Well, things are moving slowly. I'll be in the new old house by December 9, I think. I ran out of heating oil yesterday night, which made me pretty unhappy all night and half of today, as I tried to rectify that. And then back to work. There was one pleasant surprise this week--some positive comments back on a piece of writing. I almost had a heart attack and died.
We discussed Portelli's The Order Has Been Carried Out, and somewhat surprisingly, people reacted in some of the most cold, clinical ways to it. I could hardly imagine why! It was as if Umberto Eco and Elie Wiesel had somehow combined to conduct oral histories in Rome. How poetically David Blight and Ed Linenthal responded to it, and how unpoetically, well... Anyway, the story is this, briefly: a Nazi massacre of 335 Romans occurred less than 24 hours after an Italian Partisan attack on the Nazis (killing 35), but years and decades later, Italians remember the Nazis requesting the surrender of the partisans to avoid the retaliation. In the end, many people blame the partisans, not the Nazis, for the massacre. It is an fascinating ambivalence on the part of Italians about their own involvement, and a sad commentary on politics, and an intriguing study of memory--of course. But why on earth did no one mention the memorial structure of the book? (You'll have to look at the book to see it--I don't really want to describe it). How could you not see that aspect of the book as somehow central? Like it or hate it, it was probably what I would have written about, if I'd had to write about the book myself.
I was also drawn in to The Lowell Experiment, though a lot of people seemed to have a lot of problems with it. As for me, I thought it elaborated quite well on Handler and Gable's The New History in an Old Museum and attempted to address some of the potential problems with that particular study. And people love Handler and Gable. What gives? Stanton dives right into the difficult questions: what of the homogeneity of museum visitors, public historians, interpreters, et al? Do historic sites fail to bridge gaps between the present and the past, or fail to admit to cyclical economic behavior rather than a linear progression? What of the attempts at including diversity, or social justice in the historical narrative? And most fascinating of all, that historians and anthropologists and presumably other professionals have difficulties with insight into their own colleagues--and so, what result does that have on the evidence they collect? At every turn, there was something really exciting to think about--and the best part is, there are no answers.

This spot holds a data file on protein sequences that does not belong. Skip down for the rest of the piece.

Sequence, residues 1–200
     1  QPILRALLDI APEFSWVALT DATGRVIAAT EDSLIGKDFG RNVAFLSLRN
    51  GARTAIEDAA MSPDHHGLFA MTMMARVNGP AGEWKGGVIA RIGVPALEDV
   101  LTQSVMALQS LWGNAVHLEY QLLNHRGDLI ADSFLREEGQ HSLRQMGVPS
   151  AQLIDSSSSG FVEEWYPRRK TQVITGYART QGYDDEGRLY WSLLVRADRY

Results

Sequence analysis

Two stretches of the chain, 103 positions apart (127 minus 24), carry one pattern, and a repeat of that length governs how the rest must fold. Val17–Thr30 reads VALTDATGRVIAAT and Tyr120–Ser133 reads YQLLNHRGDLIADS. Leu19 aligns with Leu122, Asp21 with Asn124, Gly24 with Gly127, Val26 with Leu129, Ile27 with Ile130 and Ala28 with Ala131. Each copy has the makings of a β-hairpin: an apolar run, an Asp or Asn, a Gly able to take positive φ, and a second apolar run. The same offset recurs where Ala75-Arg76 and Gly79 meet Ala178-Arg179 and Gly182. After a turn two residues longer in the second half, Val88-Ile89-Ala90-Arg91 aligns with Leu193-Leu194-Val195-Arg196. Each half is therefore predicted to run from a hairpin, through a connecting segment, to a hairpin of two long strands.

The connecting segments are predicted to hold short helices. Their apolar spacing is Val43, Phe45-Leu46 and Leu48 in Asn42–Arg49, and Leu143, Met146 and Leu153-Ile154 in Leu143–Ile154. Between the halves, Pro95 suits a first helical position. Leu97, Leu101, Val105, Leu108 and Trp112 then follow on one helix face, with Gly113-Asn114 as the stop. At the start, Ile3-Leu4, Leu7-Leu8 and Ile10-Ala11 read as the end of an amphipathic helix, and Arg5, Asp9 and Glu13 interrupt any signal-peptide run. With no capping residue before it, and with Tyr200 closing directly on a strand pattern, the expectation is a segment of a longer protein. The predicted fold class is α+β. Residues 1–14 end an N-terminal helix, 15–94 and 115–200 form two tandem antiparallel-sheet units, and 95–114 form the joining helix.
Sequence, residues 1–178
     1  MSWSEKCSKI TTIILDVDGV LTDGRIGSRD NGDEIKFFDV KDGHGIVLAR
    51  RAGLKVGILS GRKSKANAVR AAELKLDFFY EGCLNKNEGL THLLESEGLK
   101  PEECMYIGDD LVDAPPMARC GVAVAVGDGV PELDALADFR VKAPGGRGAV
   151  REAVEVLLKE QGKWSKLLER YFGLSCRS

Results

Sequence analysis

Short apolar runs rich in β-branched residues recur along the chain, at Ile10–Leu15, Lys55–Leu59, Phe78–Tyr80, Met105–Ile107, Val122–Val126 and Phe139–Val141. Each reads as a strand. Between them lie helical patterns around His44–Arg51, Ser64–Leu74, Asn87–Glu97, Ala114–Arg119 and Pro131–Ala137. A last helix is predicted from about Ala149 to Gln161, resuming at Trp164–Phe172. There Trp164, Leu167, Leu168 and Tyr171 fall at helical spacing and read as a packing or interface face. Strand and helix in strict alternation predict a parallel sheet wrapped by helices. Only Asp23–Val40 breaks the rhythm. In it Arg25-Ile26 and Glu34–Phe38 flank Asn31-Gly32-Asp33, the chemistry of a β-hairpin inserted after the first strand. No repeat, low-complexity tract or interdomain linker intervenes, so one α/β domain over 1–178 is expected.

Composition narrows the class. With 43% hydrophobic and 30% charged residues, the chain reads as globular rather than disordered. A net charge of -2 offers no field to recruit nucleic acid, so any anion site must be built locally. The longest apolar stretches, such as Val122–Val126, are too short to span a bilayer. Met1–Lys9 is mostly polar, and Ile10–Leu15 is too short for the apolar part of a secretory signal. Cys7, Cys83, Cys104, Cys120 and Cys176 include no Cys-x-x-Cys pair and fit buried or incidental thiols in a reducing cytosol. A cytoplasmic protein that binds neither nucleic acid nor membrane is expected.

I am often accused of "musing" in my writing (this criticism is accompanied by "lose the first person")... and as a matter of fact, I do often muse. Well, I think, what about all these authors we read, whose writing is littered with the first person, and who are musing in the extreme (!). I understand that you must pay your dues (apparently over and over and over again) but when you think about the mechanics of learning, you see that people learn to write by reading. And what they're reading influences what they write. (Which is why I continue to hope that someday I will pop out a Graham Greene novel, after so many years of wonderful immersion. I would settle for a short story.)
What else? I also had dream that involved me getting a paper back from DG, and as I flipped through it, I realized that I hadn't looked at the pages after they'd printed, and so did not realize that some of the paper had printed in gibberish (zapf wingdings?). And, in what might actually be in the style of DG's sense of humor, he had written some comments in French. I don't, of course, speak French. So naturally I found the joke very amusing, but I was also mortified. I think I would rather dream about the Mormons and the Mennonites fighting charcoal creatures at a sanatorium.